In our gender binary world, female masculinity can make lots of straight cis people uncomfortable – who then make it uncomfortable and even dangerous for butch folk to exist. In spite this, butch is being increasingly proudly reclaimed and expressed. Check out this photo collection by Meg Allen showing that range, fluidity, and subjectivity of female masculinity.
Terms like “ladylike” are in line with equally absurd terms like “acting Black” that lump behavior onto a particular group of people in an effort to reinforce dominant society’s assertion of what is considered desirable and acceptable social protocol. So here are my four top reasons for steering clear of labels and social graces when it comes to my daughters.
Trans people have to put up with a lot of crap from straight cis people: everything from people being offended to find out that the person they found attractive is “actually a man,” to asking invasive personal questions about a trans person’s genitalia. Check out this spoken word poem by J Mase III that pokes fun at these entitled attitudes.
General society would have us believe that gender (and sexuality, and romantic attraction, and countless other identifiers) exist within a binary system. But the reality is that identity is much more complicated than that. And the concept of multidimensional spectra can be overwhelming. Check out this video for an introduction into the spectra of identity!
We sometimes think that issues of sexual entitlement and objectification are purely a problem with men, but the reality is masculine women do it, too. As I’ve become more vocal about my masculinity, my feminism has had to change from a feminism of solidarity to a feminism of recognizing that I’m different, and I that need to own that and change my behavior.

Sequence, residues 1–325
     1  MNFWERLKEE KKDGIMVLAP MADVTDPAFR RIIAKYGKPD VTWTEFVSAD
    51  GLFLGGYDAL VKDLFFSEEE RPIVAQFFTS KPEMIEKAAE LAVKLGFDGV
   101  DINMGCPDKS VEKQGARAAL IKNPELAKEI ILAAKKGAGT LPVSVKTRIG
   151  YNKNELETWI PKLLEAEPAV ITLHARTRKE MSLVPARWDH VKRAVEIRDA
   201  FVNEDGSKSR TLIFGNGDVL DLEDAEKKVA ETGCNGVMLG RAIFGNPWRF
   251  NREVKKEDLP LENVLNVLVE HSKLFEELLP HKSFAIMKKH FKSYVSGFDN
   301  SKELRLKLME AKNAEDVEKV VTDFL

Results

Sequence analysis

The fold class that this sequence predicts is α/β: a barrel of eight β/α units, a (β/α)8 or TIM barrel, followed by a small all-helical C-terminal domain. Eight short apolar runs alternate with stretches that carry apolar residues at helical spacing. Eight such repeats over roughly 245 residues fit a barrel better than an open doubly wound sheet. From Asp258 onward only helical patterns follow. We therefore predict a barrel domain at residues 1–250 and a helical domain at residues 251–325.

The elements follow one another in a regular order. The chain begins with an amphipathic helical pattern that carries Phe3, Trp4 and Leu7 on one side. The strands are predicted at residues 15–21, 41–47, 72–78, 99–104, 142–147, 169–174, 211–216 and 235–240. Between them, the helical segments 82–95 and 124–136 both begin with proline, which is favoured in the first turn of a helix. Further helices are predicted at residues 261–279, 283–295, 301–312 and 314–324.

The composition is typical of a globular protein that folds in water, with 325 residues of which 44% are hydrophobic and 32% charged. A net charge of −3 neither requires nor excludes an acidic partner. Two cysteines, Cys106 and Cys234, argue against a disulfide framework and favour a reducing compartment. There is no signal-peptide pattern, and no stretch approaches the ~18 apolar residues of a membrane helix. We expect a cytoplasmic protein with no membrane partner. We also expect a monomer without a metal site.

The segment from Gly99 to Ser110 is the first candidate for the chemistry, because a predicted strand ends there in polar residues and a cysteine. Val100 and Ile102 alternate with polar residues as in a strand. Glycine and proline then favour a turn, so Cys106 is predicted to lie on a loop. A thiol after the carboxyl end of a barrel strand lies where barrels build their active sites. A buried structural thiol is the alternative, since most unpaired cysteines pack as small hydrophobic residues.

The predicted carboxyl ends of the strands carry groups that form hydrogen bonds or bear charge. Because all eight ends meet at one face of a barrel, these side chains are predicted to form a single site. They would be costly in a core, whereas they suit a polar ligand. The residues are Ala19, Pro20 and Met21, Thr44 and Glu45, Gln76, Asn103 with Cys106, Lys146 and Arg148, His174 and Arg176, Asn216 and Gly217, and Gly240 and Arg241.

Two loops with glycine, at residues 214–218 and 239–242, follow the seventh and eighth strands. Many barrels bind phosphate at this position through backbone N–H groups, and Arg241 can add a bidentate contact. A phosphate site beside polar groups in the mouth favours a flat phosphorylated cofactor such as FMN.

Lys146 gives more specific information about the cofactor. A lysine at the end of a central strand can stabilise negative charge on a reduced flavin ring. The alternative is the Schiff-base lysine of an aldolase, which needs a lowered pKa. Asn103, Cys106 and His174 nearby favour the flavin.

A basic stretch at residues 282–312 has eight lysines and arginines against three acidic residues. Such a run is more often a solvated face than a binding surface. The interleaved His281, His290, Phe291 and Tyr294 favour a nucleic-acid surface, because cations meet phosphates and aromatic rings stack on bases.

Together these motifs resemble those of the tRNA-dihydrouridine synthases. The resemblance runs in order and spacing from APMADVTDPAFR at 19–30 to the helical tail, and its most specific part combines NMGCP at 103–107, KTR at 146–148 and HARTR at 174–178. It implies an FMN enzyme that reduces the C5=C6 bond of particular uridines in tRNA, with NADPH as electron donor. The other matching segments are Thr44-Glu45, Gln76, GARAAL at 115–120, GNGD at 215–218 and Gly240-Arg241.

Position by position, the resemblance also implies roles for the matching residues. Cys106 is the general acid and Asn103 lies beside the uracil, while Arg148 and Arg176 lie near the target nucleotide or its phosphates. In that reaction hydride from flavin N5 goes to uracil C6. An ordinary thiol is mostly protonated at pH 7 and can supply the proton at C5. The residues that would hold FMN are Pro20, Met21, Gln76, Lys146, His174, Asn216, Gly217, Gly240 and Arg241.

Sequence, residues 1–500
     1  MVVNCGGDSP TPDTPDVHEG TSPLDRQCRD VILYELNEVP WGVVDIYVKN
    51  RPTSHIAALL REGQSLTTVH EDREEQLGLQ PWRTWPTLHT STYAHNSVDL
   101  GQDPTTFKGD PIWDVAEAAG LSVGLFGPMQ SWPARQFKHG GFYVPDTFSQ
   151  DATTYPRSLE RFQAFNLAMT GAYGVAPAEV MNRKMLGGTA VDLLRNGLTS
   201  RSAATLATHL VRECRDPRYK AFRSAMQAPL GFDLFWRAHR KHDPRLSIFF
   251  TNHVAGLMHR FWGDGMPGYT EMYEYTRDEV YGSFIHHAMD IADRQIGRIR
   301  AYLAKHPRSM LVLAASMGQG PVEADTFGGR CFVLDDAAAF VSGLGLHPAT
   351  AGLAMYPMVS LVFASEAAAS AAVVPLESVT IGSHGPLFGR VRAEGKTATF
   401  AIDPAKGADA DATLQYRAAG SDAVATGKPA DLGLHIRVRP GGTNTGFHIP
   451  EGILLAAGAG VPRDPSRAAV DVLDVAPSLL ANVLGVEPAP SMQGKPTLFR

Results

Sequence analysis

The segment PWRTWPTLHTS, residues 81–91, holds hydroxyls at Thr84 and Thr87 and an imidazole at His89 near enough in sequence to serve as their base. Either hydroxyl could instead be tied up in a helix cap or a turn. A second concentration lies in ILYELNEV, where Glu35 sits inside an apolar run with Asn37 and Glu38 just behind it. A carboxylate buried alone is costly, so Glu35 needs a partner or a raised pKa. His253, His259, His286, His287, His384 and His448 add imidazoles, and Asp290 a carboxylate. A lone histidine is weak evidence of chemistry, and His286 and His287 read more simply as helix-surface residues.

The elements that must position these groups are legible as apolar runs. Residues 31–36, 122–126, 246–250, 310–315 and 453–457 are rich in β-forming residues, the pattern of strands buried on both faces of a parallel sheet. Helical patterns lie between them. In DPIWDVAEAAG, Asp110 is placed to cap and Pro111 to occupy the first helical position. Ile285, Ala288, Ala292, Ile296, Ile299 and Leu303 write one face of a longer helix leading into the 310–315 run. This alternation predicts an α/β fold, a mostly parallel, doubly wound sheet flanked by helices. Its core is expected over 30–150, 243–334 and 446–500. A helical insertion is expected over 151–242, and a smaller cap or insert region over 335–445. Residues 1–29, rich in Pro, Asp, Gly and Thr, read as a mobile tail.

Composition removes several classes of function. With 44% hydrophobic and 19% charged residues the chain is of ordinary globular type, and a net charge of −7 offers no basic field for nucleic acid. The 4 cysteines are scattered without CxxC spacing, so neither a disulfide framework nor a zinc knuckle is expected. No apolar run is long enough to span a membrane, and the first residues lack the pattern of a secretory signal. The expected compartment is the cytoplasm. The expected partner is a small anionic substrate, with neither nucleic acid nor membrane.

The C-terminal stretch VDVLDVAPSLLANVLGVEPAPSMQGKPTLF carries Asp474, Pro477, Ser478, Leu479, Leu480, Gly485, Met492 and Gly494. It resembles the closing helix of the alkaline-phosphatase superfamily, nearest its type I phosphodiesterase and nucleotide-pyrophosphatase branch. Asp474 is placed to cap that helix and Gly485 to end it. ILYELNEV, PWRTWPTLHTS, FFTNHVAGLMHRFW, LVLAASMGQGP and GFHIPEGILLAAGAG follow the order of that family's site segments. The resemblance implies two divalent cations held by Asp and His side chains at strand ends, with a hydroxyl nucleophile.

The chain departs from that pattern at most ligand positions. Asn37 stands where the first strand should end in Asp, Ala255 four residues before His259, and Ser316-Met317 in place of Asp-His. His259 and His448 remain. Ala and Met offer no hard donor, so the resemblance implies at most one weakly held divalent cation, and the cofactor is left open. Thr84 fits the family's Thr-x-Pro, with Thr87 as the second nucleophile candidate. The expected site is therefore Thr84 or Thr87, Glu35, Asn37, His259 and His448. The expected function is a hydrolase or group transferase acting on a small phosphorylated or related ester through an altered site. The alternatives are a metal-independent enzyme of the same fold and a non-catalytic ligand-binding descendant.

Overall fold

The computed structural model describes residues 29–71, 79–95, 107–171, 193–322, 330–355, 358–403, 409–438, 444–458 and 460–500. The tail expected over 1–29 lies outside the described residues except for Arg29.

There are a lot of misconceptions about what it means to be a trans guy — everything from conflating it with sexuality (“All trans guys are just super lesbians”) to misunderstanding that trans is not necessarily defined physically (“You aren’t really trans until you start hormone treatment”). Arielle Scarcella and Benton Sorensen team up to bust some of these myths!
The “War on Women” is a war on me, but I’m not a woman. I’m trans, and I am personally affected by anti-choice legislation. Changing the cis-nomative atmosphere is difficult, but there are some steps that individuals and organizations can take to improve this lack of intersectionality. Women, after all, aren’t the only people who need access to abortions.
Although they do a majority of their learning through observation of their peers in social situations, children’s groundwork for understanding gender is largely influenced by the adults they see in their family systems. If you don’t talk about gender, children will learn society’s gender model. Here are five ways to facilitate your child’s gender autonomy.
For those who don’t adhere 100% to the intensely restrictive gender roles prescribed by society: this is the poem for you. Watch as hip hop artist and poet Alex Dang describes the many times he’s been misgendered by the people around him — including family, friends, and strangers — just because he existed in a way that didn’t make sense to them.
“Agender” by definition means “someone without gender,” and falls under the big, colorful trans umbrella. While the identity is easily summed up in a sentence or two, the concept is where people seem to get lost. So, here’s a guide to the most common assumptions, faux pas, and outright weird notions about people who are agender that pop up in everyday life.